PharmTech: Do you know of examples of counterfeit pharmaceuticals being used to fund terrorist organizations?
Glover: If a direct link between counterfeit goods and terrorist organizations is difficult to establish, then the linkage between
counterfeit pharmaceuticals and terrorist organizations is even more knotty. There are, however, a few specific unclassified
examples, although somewhat dated.
In the early 1990s, the Irish Republican Army (IRA) set up a laboratory in Florida to produce fake vials of an antiparasitic
drug for livestock. The labels for the fake pharmaceuticals were printed on a Northern Ireland farm. Proceeds from the operation
were sent to the IRA to purchase arms.
Although not directly on point, it was widely reported in 2002 that Hezbollah generated millions of dollars by smuggling pharmaceuticals
from Canada to clandestine labs in the US to produce methamphetamine.
PharmTech: Have terrorists groups traditionally used counterfeiting to raise money, or is this a recent phenomenon?
Glover: Experts currently believe that because the traditional sources of funding for terrorists groups are being restricted by US
law enforcement agencies and our allies, terrorist organizations have turned to profiting from the manufacture and sale of
pirated and counterfeit goods. International law-enforcement activities are believed to be making a difference in the sources
of funding of terrorist activities. Terrorists are avoiding formal financial channels, and are engaging in riskier behavior
such as smuggling, pirating of goods, and counterfeiting.
PharmTech: Do you think stricter penalties are necessary to stop the flow of counterfeit goods?
Glover: Counterfeiting is a serious crime that poses a threat to health and safety, yet the criminal sanctions against this heinous
behavior are light. Given the potential for large profit, coupled with a low detection rate and comparatively light sentences,
there is little to deter potential violators. This needs to change, and laws need to be strengthened. Law enforcement sanctions
should be more comprehensive, sentencing should be stronger, fines made larger, assets seized, and violators within the healthcare
system prohibited from engaging in future medical-related activities.
PharmTech: What can be done to fight this problem at the governmental, industry, and consumer level?
Glover: At the governmental level, because the linkage between counterfeiting and terrorism takes place within an international framework,
the solutions must also be international in scope. Intergovernmental cooperation is essential to addressing this problem.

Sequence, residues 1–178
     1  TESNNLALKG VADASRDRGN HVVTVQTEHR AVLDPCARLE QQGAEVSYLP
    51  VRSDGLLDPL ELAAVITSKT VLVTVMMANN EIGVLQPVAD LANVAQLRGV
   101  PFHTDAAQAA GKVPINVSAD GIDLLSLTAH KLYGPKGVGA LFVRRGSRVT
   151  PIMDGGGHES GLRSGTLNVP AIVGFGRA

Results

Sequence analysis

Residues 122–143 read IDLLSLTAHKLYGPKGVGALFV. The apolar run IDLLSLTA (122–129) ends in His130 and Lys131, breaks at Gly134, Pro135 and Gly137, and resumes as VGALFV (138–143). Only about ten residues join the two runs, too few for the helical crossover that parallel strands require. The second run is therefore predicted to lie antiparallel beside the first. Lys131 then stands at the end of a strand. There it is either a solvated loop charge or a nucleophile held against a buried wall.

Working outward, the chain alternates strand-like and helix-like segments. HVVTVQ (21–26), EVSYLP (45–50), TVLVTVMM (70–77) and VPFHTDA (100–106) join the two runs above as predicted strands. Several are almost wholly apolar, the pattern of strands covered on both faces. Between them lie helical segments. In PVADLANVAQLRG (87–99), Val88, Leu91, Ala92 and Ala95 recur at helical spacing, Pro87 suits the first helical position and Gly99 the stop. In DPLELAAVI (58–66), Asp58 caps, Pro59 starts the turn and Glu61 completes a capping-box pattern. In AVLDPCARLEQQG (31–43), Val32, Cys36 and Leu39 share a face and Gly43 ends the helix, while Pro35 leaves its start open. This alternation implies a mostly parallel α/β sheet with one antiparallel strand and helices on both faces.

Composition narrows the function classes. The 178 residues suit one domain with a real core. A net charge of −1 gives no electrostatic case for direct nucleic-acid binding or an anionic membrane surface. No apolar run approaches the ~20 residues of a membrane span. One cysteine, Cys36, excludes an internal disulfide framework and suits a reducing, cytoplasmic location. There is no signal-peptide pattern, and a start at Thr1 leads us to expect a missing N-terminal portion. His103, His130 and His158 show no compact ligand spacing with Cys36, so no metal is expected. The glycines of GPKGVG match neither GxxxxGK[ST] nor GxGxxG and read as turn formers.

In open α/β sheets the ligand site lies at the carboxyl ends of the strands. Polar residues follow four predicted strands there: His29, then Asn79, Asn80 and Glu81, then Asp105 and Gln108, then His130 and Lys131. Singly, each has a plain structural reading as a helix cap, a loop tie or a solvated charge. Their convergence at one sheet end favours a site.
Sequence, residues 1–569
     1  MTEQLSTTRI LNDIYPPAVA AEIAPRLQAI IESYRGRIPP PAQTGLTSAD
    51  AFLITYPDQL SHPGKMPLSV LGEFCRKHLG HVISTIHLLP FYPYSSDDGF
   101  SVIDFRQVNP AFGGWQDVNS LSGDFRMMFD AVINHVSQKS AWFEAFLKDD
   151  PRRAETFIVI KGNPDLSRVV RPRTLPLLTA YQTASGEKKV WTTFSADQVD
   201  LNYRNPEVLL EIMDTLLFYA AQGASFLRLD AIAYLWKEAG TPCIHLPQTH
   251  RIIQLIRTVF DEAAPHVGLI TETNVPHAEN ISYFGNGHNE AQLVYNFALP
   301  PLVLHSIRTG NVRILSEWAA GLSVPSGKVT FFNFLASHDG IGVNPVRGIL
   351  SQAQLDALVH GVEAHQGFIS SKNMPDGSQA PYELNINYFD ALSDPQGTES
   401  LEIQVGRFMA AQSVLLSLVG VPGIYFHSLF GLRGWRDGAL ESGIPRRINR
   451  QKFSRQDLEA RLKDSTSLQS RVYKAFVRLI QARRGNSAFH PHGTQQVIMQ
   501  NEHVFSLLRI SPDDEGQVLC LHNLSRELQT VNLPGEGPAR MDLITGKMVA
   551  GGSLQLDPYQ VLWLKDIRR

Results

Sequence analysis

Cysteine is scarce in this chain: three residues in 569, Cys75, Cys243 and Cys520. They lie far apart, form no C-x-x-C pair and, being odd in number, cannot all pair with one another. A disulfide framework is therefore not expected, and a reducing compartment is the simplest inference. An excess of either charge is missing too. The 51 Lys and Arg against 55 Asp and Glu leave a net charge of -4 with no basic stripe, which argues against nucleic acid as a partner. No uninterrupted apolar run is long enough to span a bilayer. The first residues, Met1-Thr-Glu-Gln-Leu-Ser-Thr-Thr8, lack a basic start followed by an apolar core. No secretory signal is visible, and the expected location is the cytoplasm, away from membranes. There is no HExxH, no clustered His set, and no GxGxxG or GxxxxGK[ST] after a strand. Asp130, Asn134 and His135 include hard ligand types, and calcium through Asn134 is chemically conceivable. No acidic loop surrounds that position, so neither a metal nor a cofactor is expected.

This includes harmonizing and strengthening international laws, and greater cooperation among law-enforcement agencies, customs
officials, and the judiciaries. Additionally, governments should promote the creation of international standards to facilitate
the development of track-and-trace technology.
Further, governments should alert the public of the dangers of purchasing medicines outside of the tightly regulated distribution
chain, of the perceived level of counterfeiting believed to be in the supply chain, and the potential harmful effects of consuming
From an industry standpoint, manufacturers should place greater emphasis on technological solutions to vulnerabilities within
the supply chain, not only using electronic track-and-trace technology with respect to packaging, but by using overt, covert,
and forensic features directly on the product.
Consumers need to develop an understanding that "cheap" and Internet-purchased medicines have a high risk of being counterfeit
or otherwise compromised in some potentially harmful way. They should also be made to understand that by purchasing product
outside of the normal distribution chain, they may be supporting organized criminals and terrorists when this can be proven.
The issue of terrorist groups raising funds through the manufacture and sale of counterfeit goods must be addressed in a comprehensive
way. This includes better intergovernmental cooperation, stronger laws, improved technology, and greater consumer awareness.
Regarding pharmaceutical supply-chain protection, most of the emphasis has been placed on package security, with a focus on
electronic product codes such as radiofrequency identification (RFID) and two-dimensional (2D) barcoding. Package security
is an important step that will provide a level of security, but it does not ensure the authenticity of the product. This is
especially true when the majority of prescription medicines are legitimately repackaged before they reach the patient.
Therefore, greater attention needs to be paid to product, or on-dose security. On-dose security with overt, covert, and forensic
features represents an ideal solution. The investigator in the field can authenticate a product through its overt and covert
features. A more detailed level of authentication can be obtained by laboratory analysis when forensic-level authentication
features are used.